Wednesday, November 23, 2016

Professionalism and Expertise Today: The Princeton Conference

We have word of the conference Professionalism and Expertise Today, to be held on Friday, December 2, 2016, from 9 a.m. - 5 p.m, in the Friend Center Convocation Room, Princeton University.  We understand that it is open to the public, members of which should RSVP here for lunch and a name tag by Friday, November 25, 2016.  It is organized by the Center for the Study of Social Organization and co-sponsored by the Program in Law and Public Affairs.

From the conference's website:
Changes in technology and culture, politics, and the economy have drastically altered the environment of work and thrown old assumptions about professionalization into doubt. Long expected to be pillars of a “knowledge” or “information” society, the professions have run into a series of developments weakening their position: losses of autonomy, shrinking markets for their services, the substitution of algorithms for individual professional expertise, popular distrust, eroding support for exclusive professional jurisdictions. Join leading scholars from sociology, economics, and law for a discussion of these and other aspects of the new world of professionalism and expertise.
Paul Starr, Professor of Sociology and Public Affairs at Princeton and an organizer of the conference observes that many of the forces to be explored are issues relevant to law and the legal profession.  he notes particularly:
In a variety of areas, organizations are substituting algorithms for individual professional judgment. But what happens to legal accountability in the process?

Licensing has spread in recent decades and covers an increasing proportion of jobs, while unionization has declined: What are the implications for economic inequality of these changing patterns of “occupational closure”?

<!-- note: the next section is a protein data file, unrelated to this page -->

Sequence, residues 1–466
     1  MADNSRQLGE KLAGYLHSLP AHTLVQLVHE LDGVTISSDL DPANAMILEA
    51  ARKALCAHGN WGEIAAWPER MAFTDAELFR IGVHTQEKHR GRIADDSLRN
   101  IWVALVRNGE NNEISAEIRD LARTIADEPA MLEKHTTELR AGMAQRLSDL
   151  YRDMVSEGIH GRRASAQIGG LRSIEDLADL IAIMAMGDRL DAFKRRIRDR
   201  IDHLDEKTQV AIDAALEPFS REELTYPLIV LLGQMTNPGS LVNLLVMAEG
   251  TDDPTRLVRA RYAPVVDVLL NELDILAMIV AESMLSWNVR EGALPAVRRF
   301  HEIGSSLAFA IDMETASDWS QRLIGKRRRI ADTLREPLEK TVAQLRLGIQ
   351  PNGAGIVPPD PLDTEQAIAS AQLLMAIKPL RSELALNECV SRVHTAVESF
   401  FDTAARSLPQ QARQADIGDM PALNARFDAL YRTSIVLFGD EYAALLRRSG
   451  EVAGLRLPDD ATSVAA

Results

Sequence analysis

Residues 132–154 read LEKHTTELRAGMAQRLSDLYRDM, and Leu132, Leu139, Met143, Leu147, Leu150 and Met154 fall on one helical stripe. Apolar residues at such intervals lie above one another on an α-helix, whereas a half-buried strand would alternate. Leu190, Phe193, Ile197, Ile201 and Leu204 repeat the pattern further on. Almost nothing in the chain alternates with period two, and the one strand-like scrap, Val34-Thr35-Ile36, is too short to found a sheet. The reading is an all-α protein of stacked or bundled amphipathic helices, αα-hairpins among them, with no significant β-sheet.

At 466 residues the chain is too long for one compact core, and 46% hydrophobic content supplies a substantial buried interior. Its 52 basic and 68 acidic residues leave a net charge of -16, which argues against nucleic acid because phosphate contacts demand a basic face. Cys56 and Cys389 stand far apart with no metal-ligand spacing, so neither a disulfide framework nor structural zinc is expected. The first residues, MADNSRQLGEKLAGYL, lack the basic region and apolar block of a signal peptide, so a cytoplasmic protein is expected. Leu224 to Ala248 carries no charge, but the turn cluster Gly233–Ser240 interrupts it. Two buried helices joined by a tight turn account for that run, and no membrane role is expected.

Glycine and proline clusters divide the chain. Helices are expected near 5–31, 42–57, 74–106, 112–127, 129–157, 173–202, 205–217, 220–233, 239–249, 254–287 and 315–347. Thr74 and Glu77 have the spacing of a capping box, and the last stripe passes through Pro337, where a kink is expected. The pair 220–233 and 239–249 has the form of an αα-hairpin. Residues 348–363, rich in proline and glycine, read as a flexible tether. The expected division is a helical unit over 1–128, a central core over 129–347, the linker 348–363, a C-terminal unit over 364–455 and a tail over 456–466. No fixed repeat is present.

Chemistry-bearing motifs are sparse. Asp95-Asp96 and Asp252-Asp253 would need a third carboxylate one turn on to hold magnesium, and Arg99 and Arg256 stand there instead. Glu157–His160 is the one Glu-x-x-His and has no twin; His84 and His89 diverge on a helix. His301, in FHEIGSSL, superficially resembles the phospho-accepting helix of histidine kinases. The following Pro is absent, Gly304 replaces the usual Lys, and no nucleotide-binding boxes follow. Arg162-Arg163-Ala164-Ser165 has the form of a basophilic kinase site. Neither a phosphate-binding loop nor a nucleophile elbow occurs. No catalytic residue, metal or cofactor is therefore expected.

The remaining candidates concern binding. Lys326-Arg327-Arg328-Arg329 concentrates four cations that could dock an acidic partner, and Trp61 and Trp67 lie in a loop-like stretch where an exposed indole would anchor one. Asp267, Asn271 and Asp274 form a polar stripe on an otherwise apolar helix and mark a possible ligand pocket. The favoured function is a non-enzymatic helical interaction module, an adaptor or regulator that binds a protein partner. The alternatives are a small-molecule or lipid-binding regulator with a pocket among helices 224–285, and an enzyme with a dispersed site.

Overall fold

Economic and technological change has reshaped the demand for professional skills, and several professions such as journalism and law are feeling the impact. What are the long-term implications?
Here is the schedule:

8:30 a.m. - 9 a.m. - Continental breakfast

9 a.m. - 10:30 a.m. - Panel 1:  Occupational Closure and Economic Inequality

Morris Kleiner, University of Minnesota
Kim Weeden, Cornell University
Chair:  Paul Starr, Princeton University
This session is co-sponsored by Princeton University's Industrial Relations Section.

10:30 a.m. - 10:45 a.m. - Break

10:45 a.m. - 12:15 p.m. - Panel 2:  From Expertise to Algorithms? Professional versus algorithmic accountability

Marion Fourcade, University of California, Berkeley
Frank Pasquale, University of Maryland Law School
Chair:  Joel Reidenberg, Fordham University School of Law

12:15 p.m. - 1:30 p.m. -  Lunch and discussion

Discussion begins at 12:30 p.m. - Professional Resistance to Political Authority

Chair: Kim Lane Scheppele, Princeton University

1:30 p.m. - 3 p.m. - Panel 3:  Sociology of Expertise

Ruthanne Huising, EMLyon Business School  
Hila Lifshitz-Assaf, New York University
Lauren Senesac, Princeton University
Chair:  Karin Knorr Cetina, University of Chicago

3 p.m. - 3:15 p.m. - Break

3:15 p.m. - 5 p.m. - Professionalism Today

Michael Schudson, Columbia University
Katherine Kellogg, MIT
Paul Starr, Princeton University
Chair:  Paul DiMaggio, New York University